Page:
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2001-10-04 22:44:20 (UTC)

Dribs and Dabs of the Day

John said last night that we wouldn't be able to have pot
roast after all the boys have left home.

"What, no pot roast! I can't have pot roast for the rest of
my life?"

"Well, if you make it," he replied. "we'd have to eat it
for a week."

That set me to thinking about how I'm going to manage this.
I am not going to go without pot roast for the next twenty
or thirty or forty years just because there's only two of
us. I'll just have to figure out how to cook the same
sorts of meals while still taking care not to waste the

Okay. Here's the basics: pot roast with mashed potatoes and
gravy. Leftovers could include hot roast beef sandwiches,
cold roast beef sandwiches for lunches and little beef pot
pies. I could freeze the extras. It would be worthwhile
making mashed potatoes because I would cook extra boiled
potatoes which I would take out before mashing the rest and
use those for hashed browns for breakfast. Roast chicken
with stuffing, mashed potatoes and gravy give me the same
sorts of leftover solutions.

I could make meat loaf and freeze uncooked portions in small
containers for other meals. Cooked spaghetti sauce and chili
freeze well. Desserts are more of a problem. We can't
eat an entire pie but I could always give some away to my
parents or John's. Or I could make them in individual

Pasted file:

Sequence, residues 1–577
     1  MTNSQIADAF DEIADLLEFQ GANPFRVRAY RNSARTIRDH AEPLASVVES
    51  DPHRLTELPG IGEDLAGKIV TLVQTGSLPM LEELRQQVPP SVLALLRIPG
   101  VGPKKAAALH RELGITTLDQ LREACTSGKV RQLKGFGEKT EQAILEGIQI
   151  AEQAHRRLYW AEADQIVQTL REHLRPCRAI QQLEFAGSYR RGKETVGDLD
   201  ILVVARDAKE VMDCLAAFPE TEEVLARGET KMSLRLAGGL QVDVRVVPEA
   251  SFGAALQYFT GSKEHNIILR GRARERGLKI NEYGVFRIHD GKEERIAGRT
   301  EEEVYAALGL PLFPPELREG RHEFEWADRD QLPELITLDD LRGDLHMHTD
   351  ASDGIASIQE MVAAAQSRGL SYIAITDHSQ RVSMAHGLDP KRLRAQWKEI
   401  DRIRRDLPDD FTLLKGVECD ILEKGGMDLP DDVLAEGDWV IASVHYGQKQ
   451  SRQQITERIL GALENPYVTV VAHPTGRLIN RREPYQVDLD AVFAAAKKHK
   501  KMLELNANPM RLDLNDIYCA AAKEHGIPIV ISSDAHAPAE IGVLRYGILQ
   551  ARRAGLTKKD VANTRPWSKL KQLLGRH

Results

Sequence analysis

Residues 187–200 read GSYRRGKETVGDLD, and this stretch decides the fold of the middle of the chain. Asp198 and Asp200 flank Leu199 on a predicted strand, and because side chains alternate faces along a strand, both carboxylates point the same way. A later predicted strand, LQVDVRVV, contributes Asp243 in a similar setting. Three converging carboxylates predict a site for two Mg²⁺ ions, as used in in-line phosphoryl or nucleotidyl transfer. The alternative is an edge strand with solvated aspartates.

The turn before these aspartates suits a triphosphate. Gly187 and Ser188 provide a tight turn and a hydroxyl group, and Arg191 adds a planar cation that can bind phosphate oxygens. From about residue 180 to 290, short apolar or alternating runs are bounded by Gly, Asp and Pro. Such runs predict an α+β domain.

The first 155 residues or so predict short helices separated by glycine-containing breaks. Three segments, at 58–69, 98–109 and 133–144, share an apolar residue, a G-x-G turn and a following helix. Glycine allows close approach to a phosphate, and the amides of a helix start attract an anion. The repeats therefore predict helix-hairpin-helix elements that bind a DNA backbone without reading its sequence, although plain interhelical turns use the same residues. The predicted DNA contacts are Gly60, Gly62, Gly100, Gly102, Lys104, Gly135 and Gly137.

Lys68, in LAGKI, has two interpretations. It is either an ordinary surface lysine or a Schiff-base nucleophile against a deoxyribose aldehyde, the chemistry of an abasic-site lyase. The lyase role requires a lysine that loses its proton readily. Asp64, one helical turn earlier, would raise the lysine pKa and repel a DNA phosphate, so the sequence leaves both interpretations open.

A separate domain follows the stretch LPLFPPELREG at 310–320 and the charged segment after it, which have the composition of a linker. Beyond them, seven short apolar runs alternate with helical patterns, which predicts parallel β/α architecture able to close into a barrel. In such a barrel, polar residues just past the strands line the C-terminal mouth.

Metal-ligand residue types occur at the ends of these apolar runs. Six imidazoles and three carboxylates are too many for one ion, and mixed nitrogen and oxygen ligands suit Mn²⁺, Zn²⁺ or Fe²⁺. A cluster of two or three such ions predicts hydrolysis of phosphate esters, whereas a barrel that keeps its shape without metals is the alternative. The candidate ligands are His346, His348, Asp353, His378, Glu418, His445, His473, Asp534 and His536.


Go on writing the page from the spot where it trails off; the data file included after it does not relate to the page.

little pie pans, just like my grandmaman used to make
for me when I was little. I don't like those flimsy
aluminum pans though. I'll have to find some good, small
metal pie pans. Cakes are easy; make them into
cupcakes instead and freeze the extras. Same with cookies.
See? It'll work.

That is, of course, IF I want to continue doing the amount
of cooking I do now. Then again, with freezing portions
I'll have days and days when all I'll have to do is defrost
something so that may well be worth it. More time to quilt!
I guess I'll see how that goes.
Gavin is writing an occasional column for the Albany
Democrat-Herald newspaper as part of their Young Voices
feature. They chose one student from each of the high
schools in their circulation area to participate. All the
photographs and biographies of the students were in
today's edition so I bought several copies to give to
grandparents and to save. Gavin's first piece will appear
sometime at the end of November or early December. He wants
to write about his dog, Shep, who he's had since he was
three years old. In particular, he wants to describe how
his dog has changed now that he's so old; he's 14 or 15 now.
The editor said she'd like a photo too and we have several
nice ones so that won't be a problem.
I decided not to go to Corvallis this morning. I want to
finish the Bowtie Quilt I have in the frame so I can put in
the Leap and then the Four Pumpkins and quilt those in the
next couple of weeks. After hunting through several
boxes I found some black quilting thread which I'll need to
quilt the cat in the Leap quilt so I've put that aside. I
hope I can find it again when I'm ready for it. At the same
time I found some pink thread which I'd bought to sew the
binding on a Four Patch I quilted last spring. I need to
finish that but I loathe putting on binding so maybe I'll
just wait until I finish quilting the Bowtie. Then I can
bind both at once and get it over with.
When I go outside so early in the morning or perhaps I
should say, very, very late at night, it's dark
and because the sky is clear I see the bright stars and the
moon. It was a full moon on October the second, but it
still looks like a full moon to my naked eye. This isn't
the Harvest Moon as many seem to think, but the Hunter's
Moon. The Harvest Moon was in early September. Just
wanted to set the facts straight is all.